A Looping Rocket called The Torrent. This attraction features a unique “launch capsule” with a trap door that opens to send riders through a high-speed, horizontal, 360-degree loop. Translucent components allow other guests in the facility to watch riders shoot through the slide’s tubes.

A Navigator called The Rapids. Riders slide along an extensive 135m (443-feet) path on this water coaster ride. Whether riding alone or with a friend, travelers slip in and out of the light as they experience a unique light show due to the slide’s NLE technology.

A Tunnel Body slide with Slide‘N Roll special effects called The Cascade. This specially engineered ride delivers a long, smooth journey. It combines several technologies exclusive to Polin to integrate unique sound, lighting and design special effects into one slide. The goal: an experience that fulfills the full range of sensory stimuli for guests.

A Mini Tsunami called The Riptide. High capacity is the feature of this waterslide that is strategically designed for “end-to-end” excitement. The slide will feature a custom Coventry logo design on its exterior.

The Crestar ride combines two of Polin’s popular slide elements: a Sphere and a Space Shuttle

With the waterpark built on top of the fitness center, the weight of the slides was a major consideration. All of Polin’s slides at the project were manufactured using Light Resin Transfer Molding (L-RTM) technology, which not only creates slide components with a shiny, smooth finish on both the interior and exterior, and result in lighter weight slides than traditional manufacturing methods, reducing the load and making installation simpler.

The layout was also specially designed by Polin to work within the special restrictions of the project. The bowl of The Cyclone sits in the very middle of the building and exits riders into a plunge pool on the floor below. With the exception of the Cyclone, all of the slides incorporate dry-out exits on the second floor, with a spiral ramp returning guests back to the third level.
To incorporate The Rapids, the ride was designed with three uphill sections – one with and two without waterjets. Additionally, the building restrictions meant that the heights of all the slides had to be restricted. The Cyclone is 14.62 meters (48 feet) high, and the other five slides are 11.50 meters (37.72 feet) high.

Bilge Pakis, Design Manager of Polin Waterparks, sums up the project this way: “It is a game-changer in its distinctive design, required to fit the facility into a very tight footprint on a site where Franciscan monks originally constructed a cruciformshaped church in the early 1200s. Over the years, the site’s space became smaller and smaller as history left its marks.”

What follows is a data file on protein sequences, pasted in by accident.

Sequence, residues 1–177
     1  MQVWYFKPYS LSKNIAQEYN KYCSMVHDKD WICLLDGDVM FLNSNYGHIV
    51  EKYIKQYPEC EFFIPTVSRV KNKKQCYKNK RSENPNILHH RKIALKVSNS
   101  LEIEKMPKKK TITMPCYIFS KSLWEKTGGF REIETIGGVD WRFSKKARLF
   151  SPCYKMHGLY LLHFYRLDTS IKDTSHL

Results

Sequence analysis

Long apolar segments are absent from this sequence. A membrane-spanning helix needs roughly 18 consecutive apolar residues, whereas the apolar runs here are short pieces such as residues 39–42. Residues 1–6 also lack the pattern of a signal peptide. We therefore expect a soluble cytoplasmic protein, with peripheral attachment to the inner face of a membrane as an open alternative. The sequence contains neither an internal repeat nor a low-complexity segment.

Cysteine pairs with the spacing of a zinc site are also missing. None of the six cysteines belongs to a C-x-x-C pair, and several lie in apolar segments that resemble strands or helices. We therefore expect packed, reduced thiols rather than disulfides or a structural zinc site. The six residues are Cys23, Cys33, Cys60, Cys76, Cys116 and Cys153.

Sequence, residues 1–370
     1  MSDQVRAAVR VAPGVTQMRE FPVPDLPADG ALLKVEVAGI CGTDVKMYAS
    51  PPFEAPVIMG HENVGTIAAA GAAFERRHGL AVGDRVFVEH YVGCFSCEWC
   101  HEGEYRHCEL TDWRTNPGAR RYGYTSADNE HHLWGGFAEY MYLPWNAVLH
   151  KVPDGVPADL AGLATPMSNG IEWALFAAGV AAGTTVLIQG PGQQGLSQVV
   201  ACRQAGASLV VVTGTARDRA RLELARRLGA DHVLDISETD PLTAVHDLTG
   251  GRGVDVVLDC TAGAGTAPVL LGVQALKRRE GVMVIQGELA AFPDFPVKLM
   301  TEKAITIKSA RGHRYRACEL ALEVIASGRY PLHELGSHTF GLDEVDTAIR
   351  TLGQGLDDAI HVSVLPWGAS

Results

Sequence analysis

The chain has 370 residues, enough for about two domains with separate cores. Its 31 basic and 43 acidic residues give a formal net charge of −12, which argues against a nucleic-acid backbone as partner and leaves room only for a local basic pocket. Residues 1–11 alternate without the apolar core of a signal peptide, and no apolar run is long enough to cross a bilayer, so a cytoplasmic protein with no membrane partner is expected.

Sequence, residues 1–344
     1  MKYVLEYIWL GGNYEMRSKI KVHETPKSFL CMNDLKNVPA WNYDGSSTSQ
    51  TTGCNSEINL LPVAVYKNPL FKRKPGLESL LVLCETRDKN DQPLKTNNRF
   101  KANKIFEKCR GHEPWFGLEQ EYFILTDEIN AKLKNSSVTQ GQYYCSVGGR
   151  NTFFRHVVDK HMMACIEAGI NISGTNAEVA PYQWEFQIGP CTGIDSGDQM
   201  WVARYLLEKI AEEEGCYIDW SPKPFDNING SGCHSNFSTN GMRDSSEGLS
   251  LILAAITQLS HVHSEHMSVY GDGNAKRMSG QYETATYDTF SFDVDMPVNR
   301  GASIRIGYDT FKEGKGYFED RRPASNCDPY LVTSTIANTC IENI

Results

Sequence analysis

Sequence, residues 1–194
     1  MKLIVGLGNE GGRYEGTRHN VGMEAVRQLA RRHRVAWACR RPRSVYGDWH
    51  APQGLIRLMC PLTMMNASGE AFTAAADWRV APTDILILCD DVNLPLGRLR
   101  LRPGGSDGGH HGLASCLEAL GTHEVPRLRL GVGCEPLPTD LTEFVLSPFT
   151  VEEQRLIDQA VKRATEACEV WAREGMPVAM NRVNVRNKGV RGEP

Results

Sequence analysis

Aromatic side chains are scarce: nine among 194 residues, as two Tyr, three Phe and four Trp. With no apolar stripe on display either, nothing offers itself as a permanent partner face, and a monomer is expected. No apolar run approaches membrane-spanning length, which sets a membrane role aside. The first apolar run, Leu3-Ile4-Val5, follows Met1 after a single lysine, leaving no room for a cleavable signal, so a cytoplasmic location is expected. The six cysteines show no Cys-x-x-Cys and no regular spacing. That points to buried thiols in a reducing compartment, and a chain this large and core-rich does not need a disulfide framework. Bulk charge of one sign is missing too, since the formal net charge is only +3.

New centerpiece of the city center
Six Polin waterslides are packed into the small indoor Wave waterpark.

The Wave is managed by CV Life, a public trust that operates several aquatic and fitness centers in the Coventry area that draw more than 1.25 million visits per year. That number will soon increase, with estimated annual attendance at The Wave between 1.1 and 1.3 million visitors. Other existing leisure options include Genting Casino Coventry, which opened in 2012, and the Coventry Transport Museum, which reflects the city’s status as a manufacturing center for British automobiles, and underwent a £7.5 million modernization in 2004.

From a statement by Coventry City Councilor Kevin Maton: “City centers are changing – they are no longer about shopping. They are about spaces where people live, work and have fun. This new facility will be an important part of the new mix for our city center as we strive to make Coventry a top ten city again.”

The Wave is intended as a catalyst to bring locals into the city center and attract tourists from the wider region as well. It is a key component of a multi-million pound undertaking, within the scope of a 2016 master plan for the city center, devised by architectural firm Jerde in conjunction with the City Council.

Also in the works: new residential housing, a retail and entertainment complex with shopping, cafes, cinemas, and a bowling alley; and large areas of public parkland and open gathering places. The latter includes a £2.5 million public space with water features, benches, and stylistic playground equipment that will be placed in front of The Wave. The revitalization of the center city positions the city for 2021, when Coventry will receive the designation UK City of Culture. • • •

Joe Kleiman
Joe Kleiman
Raised in San Diego on theme parks, zoos, and IMAX films, InPark's Senior Correspondent Joe Kleiman would expand his childhood loves into two decades as a projectionist and theater director within the giant screen industry. In addition to his work in commercial and museum operations, Joe has volunteered his time to animal husbandry at leading facilities in California and Texas and has played a leading management role for a number of performing arts companies. Joe previously served as News Editor and has remained a contributing author to InPark Magazine since 2011. HIs writing has also appeared in Sound & Communications, LF Examiner, Jim Hill Media, The Planetarian, Behind the Thrills, and MiceChat His blog, takes an unconventional look at the attractions industry. Follow on twitter @ThemesRenewed Joe lives in Sacramento, California with his wife, dog, and a ghost.